ANTHC launches first in-state lab for cervical cancer screening

Dr. James Tiesinga (left) and molecular scientist Dr. Shannon Albright (right) of ANTHC’s lab demonstrate how to operate their new Roche 5800 analyzer, which tests samples for HPV. (Photo courtesy of ANTHC)

The Alaska Native Tribal Health Consortium started a new program in May to test for human papillomavirus, or HPV, in its own lab. HPV, when untreated, causes 95% of all cervical cancers. But if caught early, infections can be easily treated in most cases. 

Dr. James Tiesinga, medical director for the lab, said HPV testing in Alaska used to require sending samples out of state. He said in-state testing will be especially meaningful for Alaskans living in remote areas. 

“If we can get these results back to the provider in those communities before the woman returns to her village, all the better, because then we can schedule the appropriate follow up, maybe in some circumstances, even perform the requisite follow up before the woman has returned back to her village,” Tiesinga said.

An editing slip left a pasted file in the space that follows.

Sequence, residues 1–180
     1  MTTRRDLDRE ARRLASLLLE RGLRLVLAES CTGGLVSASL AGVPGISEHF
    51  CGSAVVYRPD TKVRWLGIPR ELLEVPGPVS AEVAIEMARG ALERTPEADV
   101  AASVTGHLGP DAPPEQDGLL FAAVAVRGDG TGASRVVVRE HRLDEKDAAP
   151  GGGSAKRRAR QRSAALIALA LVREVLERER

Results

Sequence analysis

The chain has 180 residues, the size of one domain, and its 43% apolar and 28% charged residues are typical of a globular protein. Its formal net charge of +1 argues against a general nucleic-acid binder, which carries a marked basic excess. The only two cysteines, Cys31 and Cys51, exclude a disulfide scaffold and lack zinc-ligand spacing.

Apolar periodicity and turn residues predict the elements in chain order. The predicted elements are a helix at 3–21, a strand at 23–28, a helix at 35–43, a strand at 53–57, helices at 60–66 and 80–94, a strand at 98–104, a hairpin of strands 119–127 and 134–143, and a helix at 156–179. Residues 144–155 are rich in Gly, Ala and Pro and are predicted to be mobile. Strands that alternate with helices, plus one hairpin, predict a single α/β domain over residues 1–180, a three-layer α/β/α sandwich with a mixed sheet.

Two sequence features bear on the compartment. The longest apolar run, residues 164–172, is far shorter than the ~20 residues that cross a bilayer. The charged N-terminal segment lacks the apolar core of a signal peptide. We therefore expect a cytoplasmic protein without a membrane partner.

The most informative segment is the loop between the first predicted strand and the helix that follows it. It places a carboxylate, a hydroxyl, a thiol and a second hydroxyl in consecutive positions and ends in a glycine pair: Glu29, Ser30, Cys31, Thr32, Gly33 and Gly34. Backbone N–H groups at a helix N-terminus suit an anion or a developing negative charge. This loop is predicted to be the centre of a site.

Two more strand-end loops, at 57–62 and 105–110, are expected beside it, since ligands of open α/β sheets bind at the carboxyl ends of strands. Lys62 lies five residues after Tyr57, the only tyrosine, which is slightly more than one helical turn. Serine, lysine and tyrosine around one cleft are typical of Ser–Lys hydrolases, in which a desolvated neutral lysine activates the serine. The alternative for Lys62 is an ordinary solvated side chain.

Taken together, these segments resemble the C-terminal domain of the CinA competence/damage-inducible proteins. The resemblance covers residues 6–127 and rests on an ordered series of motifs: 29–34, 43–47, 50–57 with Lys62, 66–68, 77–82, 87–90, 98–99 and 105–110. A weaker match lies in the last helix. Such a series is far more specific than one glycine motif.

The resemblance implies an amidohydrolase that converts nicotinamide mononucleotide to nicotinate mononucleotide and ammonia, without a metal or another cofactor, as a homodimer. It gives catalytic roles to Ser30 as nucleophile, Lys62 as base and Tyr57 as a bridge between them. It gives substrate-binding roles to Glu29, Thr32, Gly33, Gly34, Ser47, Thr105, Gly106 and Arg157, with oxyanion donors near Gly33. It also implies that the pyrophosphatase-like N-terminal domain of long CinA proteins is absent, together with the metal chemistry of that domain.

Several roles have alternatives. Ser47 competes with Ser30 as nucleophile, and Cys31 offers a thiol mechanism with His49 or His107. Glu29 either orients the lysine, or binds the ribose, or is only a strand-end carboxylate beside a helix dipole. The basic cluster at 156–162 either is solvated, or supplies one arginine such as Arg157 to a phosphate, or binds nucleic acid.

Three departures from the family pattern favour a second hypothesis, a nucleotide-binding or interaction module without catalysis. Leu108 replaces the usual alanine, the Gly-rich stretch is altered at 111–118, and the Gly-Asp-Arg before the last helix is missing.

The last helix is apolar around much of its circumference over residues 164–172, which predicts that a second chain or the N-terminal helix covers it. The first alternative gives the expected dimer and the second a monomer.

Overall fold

Rates of cervical cancer have gone down over the past few decades but screening rates in Alaska are lower than the national average. In the US, it’s recommended that women aged 21-65 get cervical cancer screenings at least every three years. Alaska Native and American Indian women have the highest rate of cancer from HPV and are twice as likely to die from it. 

This type of HPV test is relatively new; the FDA approved it in April 2020. Tiesinga said the most promising part of the new program is that women will eventually be able to collect their own samples. Self-collecting for the test was approved by the FDA in May. 

Lab director Dr. James Tiesinga demonstrates the new HPV lab testing technology. (Photo courtesy of ANTHC)

Tiesinga said he hopes people can self-collect in the state within the next six months and that could reduce cervical cancer rates.

“I believe we’re going to see those high rates of cervical cancer and deaths from cervical cancer start to drop as women now in even the most remote areas are able to self collect and send those samples in as often as they need to,” Tiesinga said.

Tiesinga said the lab is now accepting samples from all tribal partners in Alaska and can process them in 24-48 hours. Tiesinga said the Alaska Native Tribal Health Consortium has one of the first labs in the country to offer this type of HPV test in-house and is the only one to serve a primarily Alaska Native and American Indian population. 

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Rachel Cassandra covers health and wellness for Alaska Public Media. Reach her at Read more about Rachel here.

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